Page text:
German Chancellor Defends Pope against Muslim Anger

As Muslims continue to voice angry protest, the German Chancellor Angela Merkel has come out to defend the Pope after allegations he attacked Islam in a speech earlier this week

Pope Benedict XVI sparked fury among Muslim communities the world over after a speech on Tuesday in which he repeated criticism of the Prophet Mohammad by the 14th century Byzantine Emperor Manuel II Palaeologus, who said everything Mohammad brought was evil "such as his command to spread by the sword the faith he preached".

|PIC1|The Pope, who used the terms "jihad" and "holy war" in his lecture, added "violence is incompatible with the nature of God and the nature of the soul".

Now Muslim leaders and clergy, as well as non-Muslim observers, continue to assail the Pope as they call for an apology in person.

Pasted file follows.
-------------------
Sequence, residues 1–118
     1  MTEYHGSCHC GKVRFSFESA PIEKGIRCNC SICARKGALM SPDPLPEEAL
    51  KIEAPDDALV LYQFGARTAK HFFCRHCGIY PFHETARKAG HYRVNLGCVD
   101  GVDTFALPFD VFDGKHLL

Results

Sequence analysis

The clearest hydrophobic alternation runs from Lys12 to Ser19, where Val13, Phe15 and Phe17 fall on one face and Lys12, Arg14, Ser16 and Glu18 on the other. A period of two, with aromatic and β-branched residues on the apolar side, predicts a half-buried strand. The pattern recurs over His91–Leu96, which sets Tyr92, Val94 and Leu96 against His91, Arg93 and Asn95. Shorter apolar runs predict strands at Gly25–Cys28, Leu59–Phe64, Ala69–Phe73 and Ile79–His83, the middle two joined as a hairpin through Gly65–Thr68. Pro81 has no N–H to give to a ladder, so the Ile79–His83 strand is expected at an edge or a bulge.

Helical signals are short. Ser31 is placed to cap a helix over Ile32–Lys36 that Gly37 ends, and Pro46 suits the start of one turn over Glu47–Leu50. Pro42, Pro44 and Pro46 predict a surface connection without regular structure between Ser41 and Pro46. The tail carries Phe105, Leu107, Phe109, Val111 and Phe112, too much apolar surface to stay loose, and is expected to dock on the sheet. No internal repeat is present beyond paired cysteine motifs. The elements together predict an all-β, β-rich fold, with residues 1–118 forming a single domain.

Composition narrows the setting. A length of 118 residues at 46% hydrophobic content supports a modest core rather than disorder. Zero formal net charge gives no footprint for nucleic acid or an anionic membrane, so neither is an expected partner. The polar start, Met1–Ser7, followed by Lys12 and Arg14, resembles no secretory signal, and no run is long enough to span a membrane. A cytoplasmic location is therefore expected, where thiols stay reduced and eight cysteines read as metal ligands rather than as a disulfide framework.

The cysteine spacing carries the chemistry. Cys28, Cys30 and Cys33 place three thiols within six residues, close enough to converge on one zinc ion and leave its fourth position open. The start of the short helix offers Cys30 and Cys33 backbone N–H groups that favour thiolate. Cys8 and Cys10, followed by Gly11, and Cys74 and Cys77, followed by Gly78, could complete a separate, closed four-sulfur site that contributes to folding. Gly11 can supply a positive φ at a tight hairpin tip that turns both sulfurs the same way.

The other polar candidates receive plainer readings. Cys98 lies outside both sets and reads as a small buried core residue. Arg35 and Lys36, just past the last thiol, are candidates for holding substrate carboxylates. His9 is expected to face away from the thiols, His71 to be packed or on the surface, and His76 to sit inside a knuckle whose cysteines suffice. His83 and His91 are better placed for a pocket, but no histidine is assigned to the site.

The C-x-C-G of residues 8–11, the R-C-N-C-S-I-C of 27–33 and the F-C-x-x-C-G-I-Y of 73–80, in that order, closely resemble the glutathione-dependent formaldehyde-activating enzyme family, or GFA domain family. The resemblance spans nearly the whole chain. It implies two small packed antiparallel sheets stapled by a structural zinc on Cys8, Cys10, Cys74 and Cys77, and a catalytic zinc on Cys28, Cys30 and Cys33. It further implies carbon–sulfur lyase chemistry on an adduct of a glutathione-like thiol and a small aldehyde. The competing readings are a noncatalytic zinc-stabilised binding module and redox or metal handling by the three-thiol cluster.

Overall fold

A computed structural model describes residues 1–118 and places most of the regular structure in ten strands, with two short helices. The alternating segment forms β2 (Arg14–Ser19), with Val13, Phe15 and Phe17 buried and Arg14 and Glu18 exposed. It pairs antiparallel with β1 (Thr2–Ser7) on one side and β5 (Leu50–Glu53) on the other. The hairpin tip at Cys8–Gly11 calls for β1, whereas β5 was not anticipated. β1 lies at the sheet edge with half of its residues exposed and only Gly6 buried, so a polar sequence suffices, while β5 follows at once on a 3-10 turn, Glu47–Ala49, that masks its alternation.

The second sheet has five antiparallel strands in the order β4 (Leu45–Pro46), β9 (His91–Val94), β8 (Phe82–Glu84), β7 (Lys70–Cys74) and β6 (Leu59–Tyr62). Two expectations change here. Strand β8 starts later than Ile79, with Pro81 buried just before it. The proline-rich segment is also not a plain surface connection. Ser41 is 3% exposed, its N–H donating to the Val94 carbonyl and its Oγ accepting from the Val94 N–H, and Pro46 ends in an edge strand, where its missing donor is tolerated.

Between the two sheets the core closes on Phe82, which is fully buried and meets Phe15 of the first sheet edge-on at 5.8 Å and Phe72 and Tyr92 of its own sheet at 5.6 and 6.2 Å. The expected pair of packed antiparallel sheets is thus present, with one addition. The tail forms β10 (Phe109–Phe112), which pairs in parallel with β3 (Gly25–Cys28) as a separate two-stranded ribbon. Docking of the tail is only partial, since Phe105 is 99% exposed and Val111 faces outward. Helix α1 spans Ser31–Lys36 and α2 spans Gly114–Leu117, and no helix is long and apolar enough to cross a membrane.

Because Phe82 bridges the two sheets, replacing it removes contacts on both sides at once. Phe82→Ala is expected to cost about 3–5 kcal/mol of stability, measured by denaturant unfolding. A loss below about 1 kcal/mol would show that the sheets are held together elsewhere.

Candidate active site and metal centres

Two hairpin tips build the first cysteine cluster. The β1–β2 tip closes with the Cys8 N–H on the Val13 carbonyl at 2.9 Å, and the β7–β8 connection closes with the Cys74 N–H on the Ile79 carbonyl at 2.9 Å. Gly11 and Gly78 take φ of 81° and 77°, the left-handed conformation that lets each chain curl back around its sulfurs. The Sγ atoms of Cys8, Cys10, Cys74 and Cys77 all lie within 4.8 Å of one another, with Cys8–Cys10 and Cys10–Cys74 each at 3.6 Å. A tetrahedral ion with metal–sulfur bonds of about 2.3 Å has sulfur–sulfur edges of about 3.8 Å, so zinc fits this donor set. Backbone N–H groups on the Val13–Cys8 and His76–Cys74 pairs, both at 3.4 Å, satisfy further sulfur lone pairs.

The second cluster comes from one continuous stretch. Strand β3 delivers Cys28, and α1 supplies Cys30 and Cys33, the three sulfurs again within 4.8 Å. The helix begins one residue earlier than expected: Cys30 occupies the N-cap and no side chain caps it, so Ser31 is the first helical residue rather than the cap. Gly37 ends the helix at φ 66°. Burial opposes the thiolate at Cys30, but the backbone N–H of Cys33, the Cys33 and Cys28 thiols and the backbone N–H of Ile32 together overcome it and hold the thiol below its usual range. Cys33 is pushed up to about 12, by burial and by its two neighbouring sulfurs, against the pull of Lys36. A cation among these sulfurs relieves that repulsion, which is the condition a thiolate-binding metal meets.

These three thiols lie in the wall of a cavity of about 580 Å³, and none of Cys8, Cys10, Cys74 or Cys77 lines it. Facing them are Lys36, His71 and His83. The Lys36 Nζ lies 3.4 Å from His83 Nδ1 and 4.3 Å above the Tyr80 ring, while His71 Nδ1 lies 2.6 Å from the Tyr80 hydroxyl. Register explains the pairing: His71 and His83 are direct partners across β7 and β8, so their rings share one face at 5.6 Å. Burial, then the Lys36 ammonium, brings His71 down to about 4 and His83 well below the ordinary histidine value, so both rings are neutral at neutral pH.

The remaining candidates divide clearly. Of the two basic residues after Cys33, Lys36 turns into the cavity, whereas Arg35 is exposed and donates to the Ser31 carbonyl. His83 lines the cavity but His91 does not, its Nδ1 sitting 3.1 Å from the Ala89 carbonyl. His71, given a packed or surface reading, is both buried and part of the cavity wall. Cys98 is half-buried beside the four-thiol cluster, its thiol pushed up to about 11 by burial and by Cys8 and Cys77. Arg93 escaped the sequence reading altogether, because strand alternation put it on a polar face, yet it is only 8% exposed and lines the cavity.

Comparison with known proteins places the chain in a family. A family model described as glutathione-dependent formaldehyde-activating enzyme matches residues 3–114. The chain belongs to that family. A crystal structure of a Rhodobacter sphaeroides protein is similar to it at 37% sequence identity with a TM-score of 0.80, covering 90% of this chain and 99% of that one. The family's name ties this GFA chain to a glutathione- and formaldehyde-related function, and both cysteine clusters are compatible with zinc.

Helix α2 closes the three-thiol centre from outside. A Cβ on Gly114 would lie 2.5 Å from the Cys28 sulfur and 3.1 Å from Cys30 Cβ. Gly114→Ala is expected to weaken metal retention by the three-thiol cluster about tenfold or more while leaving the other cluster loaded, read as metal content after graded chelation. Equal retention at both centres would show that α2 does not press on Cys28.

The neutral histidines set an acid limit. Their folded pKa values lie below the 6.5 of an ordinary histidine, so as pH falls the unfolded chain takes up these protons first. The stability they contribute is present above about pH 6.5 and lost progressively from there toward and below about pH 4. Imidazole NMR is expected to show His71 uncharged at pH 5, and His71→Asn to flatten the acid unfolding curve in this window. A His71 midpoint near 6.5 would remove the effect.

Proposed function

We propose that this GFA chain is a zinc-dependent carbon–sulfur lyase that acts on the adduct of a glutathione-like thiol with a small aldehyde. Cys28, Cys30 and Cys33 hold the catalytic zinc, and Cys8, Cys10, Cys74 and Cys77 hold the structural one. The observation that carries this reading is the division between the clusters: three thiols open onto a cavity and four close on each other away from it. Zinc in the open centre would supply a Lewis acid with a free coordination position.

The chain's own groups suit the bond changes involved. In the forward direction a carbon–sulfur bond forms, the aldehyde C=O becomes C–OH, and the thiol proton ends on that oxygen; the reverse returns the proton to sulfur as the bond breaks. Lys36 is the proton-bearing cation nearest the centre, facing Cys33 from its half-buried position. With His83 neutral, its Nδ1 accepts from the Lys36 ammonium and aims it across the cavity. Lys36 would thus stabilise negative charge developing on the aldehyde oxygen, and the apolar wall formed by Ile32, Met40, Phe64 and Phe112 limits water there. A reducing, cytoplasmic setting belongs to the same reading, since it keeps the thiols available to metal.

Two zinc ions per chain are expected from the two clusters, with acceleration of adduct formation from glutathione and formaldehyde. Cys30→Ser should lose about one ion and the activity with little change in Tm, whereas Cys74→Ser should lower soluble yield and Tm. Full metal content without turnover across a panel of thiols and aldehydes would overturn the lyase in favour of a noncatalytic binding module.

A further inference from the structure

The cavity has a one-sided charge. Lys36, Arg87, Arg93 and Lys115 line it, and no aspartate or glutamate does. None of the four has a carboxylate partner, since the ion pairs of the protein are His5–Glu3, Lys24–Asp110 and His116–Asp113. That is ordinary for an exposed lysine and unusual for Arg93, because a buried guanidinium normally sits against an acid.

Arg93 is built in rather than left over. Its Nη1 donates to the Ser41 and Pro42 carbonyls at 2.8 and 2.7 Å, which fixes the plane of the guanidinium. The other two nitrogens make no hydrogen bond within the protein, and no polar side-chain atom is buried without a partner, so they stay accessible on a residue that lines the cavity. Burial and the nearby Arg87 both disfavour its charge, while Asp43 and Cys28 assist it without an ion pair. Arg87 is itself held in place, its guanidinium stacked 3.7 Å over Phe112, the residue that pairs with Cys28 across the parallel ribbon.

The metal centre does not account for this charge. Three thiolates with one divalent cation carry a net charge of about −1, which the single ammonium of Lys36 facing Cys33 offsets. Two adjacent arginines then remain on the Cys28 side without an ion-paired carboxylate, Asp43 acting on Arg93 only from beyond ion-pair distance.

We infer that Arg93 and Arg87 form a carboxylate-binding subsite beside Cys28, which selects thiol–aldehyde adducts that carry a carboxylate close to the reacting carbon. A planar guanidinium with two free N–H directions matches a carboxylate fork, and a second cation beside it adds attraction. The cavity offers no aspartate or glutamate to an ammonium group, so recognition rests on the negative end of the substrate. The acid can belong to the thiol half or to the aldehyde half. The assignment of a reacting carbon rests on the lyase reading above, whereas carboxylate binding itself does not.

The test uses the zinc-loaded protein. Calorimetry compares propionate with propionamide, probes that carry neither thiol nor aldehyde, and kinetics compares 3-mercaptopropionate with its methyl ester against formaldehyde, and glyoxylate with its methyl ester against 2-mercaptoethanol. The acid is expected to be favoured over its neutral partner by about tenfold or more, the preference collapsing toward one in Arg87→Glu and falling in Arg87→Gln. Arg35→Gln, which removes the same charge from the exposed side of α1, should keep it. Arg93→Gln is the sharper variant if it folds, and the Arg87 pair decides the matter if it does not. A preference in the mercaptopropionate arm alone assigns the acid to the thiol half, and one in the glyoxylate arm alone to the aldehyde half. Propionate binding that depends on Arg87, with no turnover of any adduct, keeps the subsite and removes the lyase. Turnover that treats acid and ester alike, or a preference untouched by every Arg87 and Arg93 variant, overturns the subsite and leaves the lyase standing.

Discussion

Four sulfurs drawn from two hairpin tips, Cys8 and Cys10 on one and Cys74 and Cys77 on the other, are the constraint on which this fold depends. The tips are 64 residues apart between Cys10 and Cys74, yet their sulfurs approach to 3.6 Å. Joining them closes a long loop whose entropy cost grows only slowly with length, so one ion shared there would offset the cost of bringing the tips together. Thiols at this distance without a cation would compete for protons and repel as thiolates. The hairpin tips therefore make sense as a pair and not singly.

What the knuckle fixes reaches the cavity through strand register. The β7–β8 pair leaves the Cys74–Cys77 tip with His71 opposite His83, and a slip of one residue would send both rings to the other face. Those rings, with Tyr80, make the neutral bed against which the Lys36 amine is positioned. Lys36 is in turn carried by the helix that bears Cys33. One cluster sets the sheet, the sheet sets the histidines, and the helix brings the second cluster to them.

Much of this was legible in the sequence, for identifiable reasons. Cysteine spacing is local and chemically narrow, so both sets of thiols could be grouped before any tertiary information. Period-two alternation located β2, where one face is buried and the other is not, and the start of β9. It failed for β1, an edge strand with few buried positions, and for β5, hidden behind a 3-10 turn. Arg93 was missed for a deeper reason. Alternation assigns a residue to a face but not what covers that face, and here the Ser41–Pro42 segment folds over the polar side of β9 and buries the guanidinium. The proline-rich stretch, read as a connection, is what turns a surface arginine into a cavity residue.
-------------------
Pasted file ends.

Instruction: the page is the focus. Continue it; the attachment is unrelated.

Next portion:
"He should apologise to Muslims," the president of the German Council of Muslims, Ayyub Axel Koehler, told the German Neue Presse newspaper on Saturday. "That would be a contribution towards unwinding the tension and creating clarity."

Officials at the Vatican defended the Pope's comments, saying that he was attempting to demonstrate in his speech that there could never be any religious justification for violence.

In an interview with German newspaper Bild, Merkel reflected this view in her defence of the German-born Pontiff's comments.

The German chancellor said that Pope Benedict's comments had been misinterpreted, insisting that he had been calling for dialogue with other religions.

"Whoever criticises the Pope misunderstood the aim of his speech," Merkel was quoted as saying.

"It was an invitation to dialogue between religions and the Pope expressedly spoke in favour of this dialogue ... What Benedict XVI emphasised was a decisive and uncompromising renunciation of all forms of violence in the name of religion."

Koehler warned that the violent protests that broke out over the Mohammad cartoons could break out again following the Pope's comments.

"The indignation should not be allowed to escalate any further," he said, adding that violence will not be tolerated.